The Law in Literature

One of my favorite classes back in my law school days was Law in Literature. The course was fairly simple: the class read a variety of literary works that included legal themes; the students gathered once a week to discuss them; and each student wrote their own short story for the final grade. I did very well in the class, but more importantly, I enjoyed it.

My favorite genres of literature are science fiction and fantasy. I am largely bored by realistic depictions of the world as we know it. Though character-driven writing is something I like, I also want a world in which the author speculates about alternative possibilities. Alternative government types, alternative technologies, alternative relationships between peoples and races, and, of course, alternative legal systems.

Legal issues generally don't come up much in most popular science fiction and fantasy. But sometimes they do. One of the stories we read in my Law and Literature class was "The Bicentennial Man" by Isaac Asimov. In that story, a robot realizes that he wants to become human, so he embarks on a slow journey to transform himself from cold steel and machinery to warm flesh and blood. He undergoes extensive surgery and replaces his mechanical parts with organic parts, one at a time, until he is entirely organic and not a machine at all.

One of the themes of the story is mortality, of course (robots never die, but humans assuredly do). But another is humanity itself - that is, what it means to be human, and who qualifies. The robot must eventually hire a lawyer who argues that, with a human heart and mind, he qualifies as human and should be freed of the strict laws that regulate everything robots can do, even though he was "born" a robot.

The Bicentennial Man covers a lot of legal ground in very general terms. Asimov was a scientist by training, not a lawyer, so he didn't focus much on the procedural aspects of the robot's legal journey. The reader assumes that the action in court plays out in ways we are already familiar with. The story takes place on future Earth whose society has origins that are most certainly our own.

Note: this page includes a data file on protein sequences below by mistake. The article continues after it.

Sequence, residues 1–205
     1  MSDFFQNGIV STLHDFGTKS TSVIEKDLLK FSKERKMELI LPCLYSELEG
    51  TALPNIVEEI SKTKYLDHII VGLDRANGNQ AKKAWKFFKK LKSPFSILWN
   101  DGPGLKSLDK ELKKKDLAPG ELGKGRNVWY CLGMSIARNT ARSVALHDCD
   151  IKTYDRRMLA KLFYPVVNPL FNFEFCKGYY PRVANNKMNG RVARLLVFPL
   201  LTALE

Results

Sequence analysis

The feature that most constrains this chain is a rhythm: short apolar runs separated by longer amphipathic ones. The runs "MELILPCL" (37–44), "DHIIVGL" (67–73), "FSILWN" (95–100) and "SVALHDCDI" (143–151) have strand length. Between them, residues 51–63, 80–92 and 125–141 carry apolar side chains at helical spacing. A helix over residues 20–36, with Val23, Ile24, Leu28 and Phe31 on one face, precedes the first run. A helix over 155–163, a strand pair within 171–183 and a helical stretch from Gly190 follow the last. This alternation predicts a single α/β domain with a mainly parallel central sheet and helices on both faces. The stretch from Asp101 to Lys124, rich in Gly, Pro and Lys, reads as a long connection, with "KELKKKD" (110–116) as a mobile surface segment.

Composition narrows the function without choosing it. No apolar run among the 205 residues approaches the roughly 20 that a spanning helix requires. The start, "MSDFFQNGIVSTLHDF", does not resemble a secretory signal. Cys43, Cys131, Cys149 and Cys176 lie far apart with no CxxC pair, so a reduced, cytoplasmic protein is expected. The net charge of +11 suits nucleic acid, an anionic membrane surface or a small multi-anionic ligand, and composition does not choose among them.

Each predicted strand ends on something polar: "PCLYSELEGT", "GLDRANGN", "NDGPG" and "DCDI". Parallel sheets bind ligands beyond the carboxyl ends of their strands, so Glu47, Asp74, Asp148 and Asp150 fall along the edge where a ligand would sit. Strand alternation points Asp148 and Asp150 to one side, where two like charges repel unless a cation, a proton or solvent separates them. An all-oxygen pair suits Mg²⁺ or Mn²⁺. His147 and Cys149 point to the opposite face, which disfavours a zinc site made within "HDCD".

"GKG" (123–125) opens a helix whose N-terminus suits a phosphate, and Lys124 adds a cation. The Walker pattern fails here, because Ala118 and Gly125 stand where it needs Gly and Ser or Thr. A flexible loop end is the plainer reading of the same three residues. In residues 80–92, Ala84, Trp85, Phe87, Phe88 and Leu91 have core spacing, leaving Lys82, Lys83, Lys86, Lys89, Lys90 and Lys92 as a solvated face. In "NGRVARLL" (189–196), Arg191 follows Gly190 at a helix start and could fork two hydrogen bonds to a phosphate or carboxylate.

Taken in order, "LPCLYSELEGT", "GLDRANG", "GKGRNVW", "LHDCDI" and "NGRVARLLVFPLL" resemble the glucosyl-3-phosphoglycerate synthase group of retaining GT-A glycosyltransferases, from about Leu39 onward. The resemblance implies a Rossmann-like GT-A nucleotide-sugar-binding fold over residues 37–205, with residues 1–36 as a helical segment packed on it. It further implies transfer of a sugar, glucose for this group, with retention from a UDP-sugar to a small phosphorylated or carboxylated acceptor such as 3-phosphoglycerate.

One could say that Asimov was concerned with substantive due process rather than procedural due process. That is, the questions of what our rights are and who qualifies for them. Procedural due process, by contrast, turns on a question of fairness. Can rights be infringed? And if so, when and how is the government allowed to infringe them?

Elizabeth Moon tackles this latter aspect of the law in her book The Sheepfarmer's Daughter. The book, the first in a trilogy, is about a woman named Paksenarrion who joins a mercenary army as a teenager and eventually finds her destiny as a powerful paladin. Early in the book, "Paks" is involved in a violent altercation with a fellow recruit but that recruit remembers little of the attack and Paks is named as the instigator by a second soldier. The superior officers must solve the mystery, and to do so they initiate a court martial process with several unique aspects.

First, one of the officers is appointed to investigate Paks, who is in the infirmary with serious injuries. Paks, despite her serious wounds, is locked in chains in a prison cell. But the investigating officer senses something is wrong because Paks is seriously hurt but the others are not. The higher-ups are not inclined to believe Paks' story, but the officer makes a compelling case and a full trial is ordered.

In order to conduct the trial, the officers must issue summons to two "witnesses." One, a man, is the mayor of a city. The other, a woman, is a war hero. The witnesses are respected members of the government and military who are trusted for their experience and reputations. They are not lawyers nor appear to have any legal training.

The witnesses arrive and, in front of the entire assembled unit to which Paks and her attacker belong, physically assess the parties involved. At one point, they strip naked both Paks and the recruit accused of fighting with her to inspect their injuries (the other recruit has only bruises and two broken fingers, while Paks is swollen all over and covered in blood). The female witness, noting the obvious discrepancy of the parties' conditions, demands Paks be released from custody and treated for her wounds until the investigation is concluded. The officers immediately comply with her demands - apparently her status as "witness" gives her such authority - and take Paks away from the assembly and to the infirmary.